Foodies Read Challenge – Wrap-up


Despite being focused on food, the Foodies Read Challenge provided quite a bit of diversity. I read books that included cannibalism, a book that was a thinly disguised memoir, and stories that hinged around death. Some of these books made me hungry. Others, not at all (pickled wolf’s heart anyone?). Continue reading

What’s in a Name Challenge Wrap-up


It’s that time of year when the reading challenge wrap-up posts begin. I’m starting with the What’s in a Name challenge.

The challenge was simple – read one book that fits each of the six ‘categories’ – Continue reading

‘The Cookbook Collector’ by Allegra Goodman

Despite the somewhat whimsical title, The Cookbook Collector by Allegra Goodman is anything but. Instead, it’s a finely wrought, detail-rich story about start-ups, relationships and a collection of old and rare cookbooks.

The blurb reads:

“Two sisters, opposite in every way: twenty-eight-year-old Emily is a CFO of an internet start-up, twenty-three-year-old Jess is a graduate student in philosophy. Pragmatic Emily is making a fortune in Silicon Valley, romantic Jess works in an antiquarian bookstore. Emily’s boyfriend is fantastically successful. Jess’s boyfriend is an environmental activist. But the dot-com bubble must burst, while Jess’s work on a cache of rare cookbooks uncovers strange erotic drawings and marginalia that bring her closer to their mysterious collector… Rich in ideas and characters, The Cookbook Collector is a novel of substitutions: reading cookbooks instead of cooking, speculating instead of creating, collecting instead of living. But above all it is about holding on to what is real in a virtual world: love that lasts.”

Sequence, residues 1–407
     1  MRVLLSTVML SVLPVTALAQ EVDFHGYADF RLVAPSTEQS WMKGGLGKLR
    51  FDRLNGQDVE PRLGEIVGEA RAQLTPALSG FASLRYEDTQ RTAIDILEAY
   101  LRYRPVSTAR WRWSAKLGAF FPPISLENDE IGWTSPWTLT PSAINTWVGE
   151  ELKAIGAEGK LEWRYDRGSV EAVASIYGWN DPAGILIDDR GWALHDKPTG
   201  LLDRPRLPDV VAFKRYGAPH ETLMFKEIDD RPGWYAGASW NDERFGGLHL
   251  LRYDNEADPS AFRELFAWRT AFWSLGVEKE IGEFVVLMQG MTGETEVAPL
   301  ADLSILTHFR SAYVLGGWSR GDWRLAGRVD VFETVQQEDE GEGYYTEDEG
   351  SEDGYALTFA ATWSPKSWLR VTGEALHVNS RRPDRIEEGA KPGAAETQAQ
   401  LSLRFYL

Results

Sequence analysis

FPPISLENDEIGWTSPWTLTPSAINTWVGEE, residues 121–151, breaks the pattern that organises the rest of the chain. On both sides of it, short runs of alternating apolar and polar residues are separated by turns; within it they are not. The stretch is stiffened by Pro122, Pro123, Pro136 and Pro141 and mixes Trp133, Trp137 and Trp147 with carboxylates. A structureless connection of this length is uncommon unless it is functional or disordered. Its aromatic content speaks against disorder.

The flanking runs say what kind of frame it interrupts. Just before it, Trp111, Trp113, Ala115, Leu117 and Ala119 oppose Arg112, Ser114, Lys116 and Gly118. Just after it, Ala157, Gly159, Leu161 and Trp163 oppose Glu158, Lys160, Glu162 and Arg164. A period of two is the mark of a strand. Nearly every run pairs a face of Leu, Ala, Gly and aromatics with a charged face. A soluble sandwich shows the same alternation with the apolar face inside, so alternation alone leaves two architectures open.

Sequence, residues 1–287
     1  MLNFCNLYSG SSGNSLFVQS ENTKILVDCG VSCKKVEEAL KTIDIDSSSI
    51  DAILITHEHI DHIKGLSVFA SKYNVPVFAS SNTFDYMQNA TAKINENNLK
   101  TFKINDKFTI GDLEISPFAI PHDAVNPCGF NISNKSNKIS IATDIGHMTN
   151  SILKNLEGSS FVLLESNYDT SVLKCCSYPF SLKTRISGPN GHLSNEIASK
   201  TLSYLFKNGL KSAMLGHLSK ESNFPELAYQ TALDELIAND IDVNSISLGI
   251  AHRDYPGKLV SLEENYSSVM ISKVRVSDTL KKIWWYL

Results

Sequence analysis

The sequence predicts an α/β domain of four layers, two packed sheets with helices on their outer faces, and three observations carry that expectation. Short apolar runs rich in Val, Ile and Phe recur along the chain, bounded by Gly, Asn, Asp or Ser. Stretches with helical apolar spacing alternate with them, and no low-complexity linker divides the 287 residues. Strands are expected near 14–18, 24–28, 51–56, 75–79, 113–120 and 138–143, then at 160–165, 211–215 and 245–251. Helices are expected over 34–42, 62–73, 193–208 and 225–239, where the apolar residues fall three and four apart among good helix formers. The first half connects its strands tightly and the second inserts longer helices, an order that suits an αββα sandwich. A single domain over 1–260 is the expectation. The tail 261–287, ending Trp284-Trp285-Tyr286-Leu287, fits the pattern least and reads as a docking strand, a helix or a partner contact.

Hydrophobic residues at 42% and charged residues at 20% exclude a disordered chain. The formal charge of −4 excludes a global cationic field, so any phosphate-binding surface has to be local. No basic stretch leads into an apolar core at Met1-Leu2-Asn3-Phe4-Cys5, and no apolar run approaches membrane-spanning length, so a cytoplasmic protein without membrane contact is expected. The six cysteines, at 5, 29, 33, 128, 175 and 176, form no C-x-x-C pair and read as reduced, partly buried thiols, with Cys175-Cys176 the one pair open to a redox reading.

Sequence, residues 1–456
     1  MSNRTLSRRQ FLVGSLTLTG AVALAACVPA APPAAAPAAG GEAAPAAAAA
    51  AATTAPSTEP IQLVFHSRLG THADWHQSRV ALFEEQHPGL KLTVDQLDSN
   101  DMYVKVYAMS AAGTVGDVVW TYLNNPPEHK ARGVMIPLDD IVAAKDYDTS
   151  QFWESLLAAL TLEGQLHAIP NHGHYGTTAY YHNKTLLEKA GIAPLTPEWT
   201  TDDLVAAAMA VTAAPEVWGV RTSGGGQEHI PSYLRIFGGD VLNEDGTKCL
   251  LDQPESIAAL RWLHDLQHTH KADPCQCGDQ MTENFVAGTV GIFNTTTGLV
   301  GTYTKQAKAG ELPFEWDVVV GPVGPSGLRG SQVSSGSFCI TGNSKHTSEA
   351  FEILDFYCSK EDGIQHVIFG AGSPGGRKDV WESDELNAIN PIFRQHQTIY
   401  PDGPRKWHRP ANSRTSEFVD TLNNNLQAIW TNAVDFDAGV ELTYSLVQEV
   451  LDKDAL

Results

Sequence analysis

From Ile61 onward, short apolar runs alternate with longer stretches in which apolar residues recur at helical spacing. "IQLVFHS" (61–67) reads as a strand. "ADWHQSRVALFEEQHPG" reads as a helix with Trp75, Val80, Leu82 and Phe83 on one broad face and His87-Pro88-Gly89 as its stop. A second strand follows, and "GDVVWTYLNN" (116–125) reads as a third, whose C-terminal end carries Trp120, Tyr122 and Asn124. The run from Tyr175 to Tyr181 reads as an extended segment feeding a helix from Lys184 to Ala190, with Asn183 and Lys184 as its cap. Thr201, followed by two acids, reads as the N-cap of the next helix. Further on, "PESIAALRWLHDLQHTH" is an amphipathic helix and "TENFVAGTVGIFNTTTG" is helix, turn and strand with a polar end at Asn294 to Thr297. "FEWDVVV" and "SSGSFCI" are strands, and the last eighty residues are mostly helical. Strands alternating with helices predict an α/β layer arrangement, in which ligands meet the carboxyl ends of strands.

This surprising book had been sitting in my TBR stack for quite some time – I had dismissed it as ‘middle-aged-chick-lit’ (mum-lit?) and was waiting for the right time to tackle it – it’s quite hefty at 417 pages. What I didn’t expect was a Franzen-esque style story  – beautifully detailed characters, complex histories (but carefully incorporated into the story at appropriate times) and multi-layered plot lines. Goodman probably HATES the Franzen comparison but since finishing this book I have also read lots of reviews that draw Jane Austen comparisons. Continue reading